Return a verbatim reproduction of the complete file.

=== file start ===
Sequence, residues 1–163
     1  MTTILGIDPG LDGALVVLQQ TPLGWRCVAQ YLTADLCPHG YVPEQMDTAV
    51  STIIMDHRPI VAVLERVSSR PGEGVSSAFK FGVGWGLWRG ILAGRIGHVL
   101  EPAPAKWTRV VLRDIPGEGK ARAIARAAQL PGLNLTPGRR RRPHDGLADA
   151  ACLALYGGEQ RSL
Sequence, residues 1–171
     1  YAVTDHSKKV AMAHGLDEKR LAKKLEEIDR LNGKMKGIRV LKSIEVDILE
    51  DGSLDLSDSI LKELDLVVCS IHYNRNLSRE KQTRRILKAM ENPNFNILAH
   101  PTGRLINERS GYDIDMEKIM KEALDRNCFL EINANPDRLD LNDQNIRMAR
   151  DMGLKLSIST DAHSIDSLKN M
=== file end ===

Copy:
Sequence, residues 1–163
     1  MTTILGIDPG LDGALVVLQQ TPLGWRCVAQ YLTADLCPHG YVPEQMDTAV
    51  STIIMDHRPI VAVLERVSSR PGEGVSSAFK FGVGWGLWRG ILAGRIGHVL
   101  EPAPAKWTRV VLRDIPGEGK ARAIARAAQL PGLNLTPGRR RRPHDGLADA
   151  ACLALYGGEQ RSL
Sequence, residues 1–171
     1  YAVTDHSKKV AMAHGLDEKR LAKKLEEIDR LNGKMKGIRV LKSIEVDILE
    51  DGSLDLSDSI LKELDLVVCS IHYNRNLSRE KQTRRILKAM ENPNFNILAH
   101  PTGRLINERS GYDIDMEKIM KEALDRNCFL EINANPDRLD LNDQNIRMAR
   151  DMGLKLSIST DAHSIDSLKN M